Justin Delgado is husband to Kacie Doyle-Delgado, diagnosed at age 11. After more than a decade together, he considers himself to be an expert carb counter and Dexcom inserter. He graduated with his Master of Science in Finance from the University of Utah in 2013 and has been working in commercial banking since then. He attended his first Friends for Life conference in 2015 and is looking forward to volunteering with the teens.
April 21, 2000
Question from Biddeford, Maine, USA:
Do hypoglycemic episodes (e.g., 35 level requiring emergency medical attention) have a cumulative negative effect on our systems? If so, does their duration add to such a cumulative effect?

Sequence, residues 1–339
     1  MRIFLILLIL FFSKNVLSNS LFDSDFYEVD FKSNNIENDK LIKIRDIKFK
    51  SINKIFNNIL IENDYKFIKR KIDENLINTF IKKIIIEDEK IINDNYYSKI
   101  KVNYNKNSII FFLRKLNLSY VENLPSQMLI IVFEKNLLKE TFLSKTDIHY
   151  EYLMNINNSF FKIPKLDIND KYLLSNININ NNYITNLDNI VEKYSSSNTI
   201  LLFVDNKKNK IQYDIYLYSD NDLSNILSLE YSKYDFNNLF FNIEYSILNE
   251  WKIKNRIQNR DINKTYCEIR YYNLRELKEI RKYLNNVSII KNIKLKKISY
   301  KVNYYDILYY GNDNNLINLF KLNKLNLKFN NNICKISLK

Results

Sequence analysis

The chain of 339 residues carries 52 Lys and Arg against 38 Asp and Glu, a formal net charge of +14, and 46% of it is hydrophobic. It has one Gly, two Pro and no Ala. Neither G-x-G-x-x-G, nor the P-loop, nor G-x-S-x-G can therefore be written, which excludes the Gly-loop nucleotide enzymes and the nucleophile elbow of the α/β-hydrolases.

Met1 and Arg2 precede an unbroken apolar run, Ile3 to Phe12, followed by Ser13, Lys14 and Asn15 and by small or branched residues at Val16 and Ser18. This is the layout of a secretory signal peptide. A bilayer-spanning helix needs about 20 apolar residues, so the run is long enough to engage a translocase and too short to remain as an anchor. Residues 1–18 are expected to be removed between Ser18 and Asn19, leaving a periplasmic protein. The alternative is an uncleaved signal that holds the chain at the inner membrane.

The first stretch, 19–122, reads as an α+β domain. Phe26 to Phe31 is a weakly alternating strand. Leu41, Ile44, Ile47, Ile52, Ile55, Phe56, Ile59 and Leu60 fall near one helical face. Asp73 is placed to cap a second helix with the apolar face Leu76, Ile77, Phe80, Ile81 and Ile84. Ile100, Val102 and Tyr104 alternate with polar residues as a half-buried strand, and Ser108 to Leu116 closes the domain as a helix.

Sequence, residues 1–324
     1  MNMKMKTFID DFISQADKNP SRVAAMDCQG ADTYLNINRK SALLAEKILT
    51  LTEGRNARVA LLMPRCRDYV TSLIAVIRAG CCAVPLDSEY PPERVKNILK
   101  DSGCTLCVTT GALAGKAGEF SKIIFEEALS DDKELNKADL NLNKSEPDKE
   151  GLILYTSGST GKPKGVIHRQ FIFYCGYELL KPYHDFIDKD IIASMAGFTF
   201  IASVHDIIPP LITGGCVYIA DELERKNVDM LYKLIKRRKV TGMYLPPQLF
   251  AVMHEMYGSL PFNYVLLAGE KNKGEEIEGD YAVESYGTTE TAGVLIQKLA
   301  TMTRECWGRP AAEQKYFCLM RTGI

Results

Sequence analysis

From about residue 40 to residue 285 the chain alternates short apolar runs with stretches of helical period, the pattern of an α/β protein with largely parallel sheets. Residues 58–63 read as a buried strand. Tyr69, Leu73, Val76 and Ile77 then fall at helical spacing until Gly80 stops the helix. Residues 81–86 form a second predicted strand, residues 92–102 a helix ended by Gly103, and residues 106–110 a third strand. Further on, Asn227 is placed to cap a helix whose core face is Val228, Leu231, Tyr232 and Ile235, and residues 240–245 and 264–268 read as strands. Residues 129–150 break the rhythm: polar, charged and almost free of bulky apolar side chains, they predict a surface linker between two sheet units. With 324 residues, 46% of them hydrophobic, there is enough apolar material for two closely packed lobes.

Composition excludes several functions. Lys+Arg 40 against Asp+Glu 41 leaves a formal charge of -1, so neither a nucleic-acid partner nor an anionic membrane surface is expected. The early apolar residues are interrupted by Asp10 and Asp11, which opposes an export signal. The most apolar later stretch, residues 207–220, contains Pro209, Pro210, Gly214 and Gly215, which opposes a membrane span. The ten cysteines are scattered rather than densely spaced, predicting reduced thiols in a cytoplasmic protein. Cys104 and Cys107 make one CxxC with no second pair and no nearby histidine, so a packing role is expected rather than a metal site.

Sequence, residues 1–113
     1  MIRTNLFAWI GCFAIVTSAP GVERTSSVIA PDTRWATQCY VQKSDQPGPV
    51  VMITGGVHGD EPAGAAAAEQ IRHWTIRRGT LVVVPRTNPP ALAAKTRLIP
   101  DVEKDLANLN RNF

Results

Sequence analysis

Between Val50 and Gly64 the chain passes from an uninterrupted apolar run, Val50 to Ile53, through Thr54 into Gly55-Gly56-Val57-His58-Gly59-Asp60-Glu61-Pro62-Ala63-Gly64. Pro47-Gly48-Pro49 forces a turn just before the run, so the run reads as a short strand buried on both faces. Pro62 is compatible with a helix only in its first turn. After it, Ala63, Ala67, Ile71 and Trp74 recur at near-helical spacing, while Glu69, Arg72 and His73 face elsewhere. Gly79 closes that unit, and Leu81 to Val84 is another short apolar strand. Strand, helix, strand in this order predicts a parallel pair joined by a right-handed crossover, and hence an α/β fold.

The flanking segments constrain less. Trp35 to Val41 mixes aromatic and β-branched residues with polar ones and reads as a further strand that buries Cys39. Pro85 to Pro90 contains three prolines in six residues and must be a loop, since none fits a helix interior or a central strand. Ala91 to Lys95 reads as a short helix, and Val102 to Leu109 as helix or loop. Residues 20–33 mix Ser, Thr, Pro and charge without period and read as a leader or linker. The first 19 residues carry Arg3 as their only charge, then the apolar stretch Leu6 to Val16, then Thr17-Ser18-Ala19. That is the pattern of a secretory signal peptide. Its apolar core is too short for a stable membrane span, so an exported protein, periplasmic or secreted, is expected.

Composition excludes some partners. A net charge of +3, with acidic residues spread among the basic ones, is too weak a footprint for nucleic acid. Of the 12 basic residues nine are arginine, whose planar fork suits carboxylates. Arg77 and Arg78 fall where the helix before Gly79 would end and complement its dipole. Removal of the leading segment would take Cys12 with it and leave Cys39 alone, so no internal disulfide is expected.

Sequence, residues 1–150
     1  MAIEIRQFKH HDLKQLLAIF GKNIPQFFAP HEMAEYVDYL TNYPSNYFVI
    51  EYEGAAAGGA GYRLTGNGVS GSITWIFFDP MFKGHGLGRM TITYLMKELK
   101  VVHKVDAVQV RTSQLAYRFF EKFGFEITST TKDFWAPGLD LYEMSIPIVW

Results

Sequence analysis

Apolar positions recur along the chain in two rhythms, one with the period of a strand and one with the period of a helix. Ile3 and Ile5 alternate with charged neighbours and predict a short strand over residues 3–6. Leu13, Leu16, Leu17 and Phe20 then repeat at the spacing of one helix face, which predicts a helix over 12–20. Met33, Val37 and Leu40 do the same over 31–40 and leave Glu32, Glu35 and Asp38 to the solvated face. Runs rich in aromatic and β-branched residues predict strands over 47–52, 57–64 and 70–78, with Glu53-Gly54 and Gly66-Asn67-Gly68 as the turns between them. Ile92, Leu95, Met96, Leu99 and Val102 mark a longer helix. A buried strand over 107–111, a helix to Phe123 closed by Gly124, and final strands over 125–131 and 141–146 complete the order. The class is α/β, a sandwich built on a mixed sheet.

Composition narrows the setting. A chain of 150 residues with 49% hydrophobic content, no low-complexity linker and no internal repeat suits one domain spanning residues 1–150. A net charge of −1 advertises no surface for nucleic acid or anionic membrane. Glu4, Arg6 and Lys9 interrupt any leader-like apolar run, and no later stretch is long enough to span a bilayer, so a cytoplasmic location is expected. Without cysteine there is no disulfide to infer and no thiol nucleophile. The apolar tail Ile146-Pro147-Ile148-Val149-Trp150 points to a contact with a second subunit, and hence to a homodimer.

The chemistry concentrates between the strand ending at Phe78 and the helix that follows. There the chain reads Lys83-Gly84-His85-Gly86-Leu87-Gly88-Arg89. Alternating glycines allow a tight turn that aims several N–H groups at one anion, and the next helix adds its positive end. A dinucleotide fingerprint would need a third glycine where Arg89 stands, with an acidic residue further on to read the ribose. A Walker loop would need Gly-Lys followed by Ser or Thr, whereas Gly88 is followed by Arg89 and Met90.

Hypoglycemia (low blood sugar) in a diabetic patient is always deleterious towards our body systems, mainly on cognitive functions of the developing central nervous system (in the brains of children). Children with early-onset diabetes have been shown to have diminished cognitive motor functions, which correlates with retrospective recalls of the number and duration of severe hypoglycemic episodes. Children with asymptomatic hypoglycemia were also shown to have significant cognitive deficiencies. Even mild hypoglycemia (55-65 mg/dl) can be associated with a significant reduction in cognitive functioning in school-aged children. In children and adults, maintaining blood sugar levels in near-normal ranges maximizes the risk of hypoglycemia unawareness. You can either read a lot of previous answers on this topic at this website.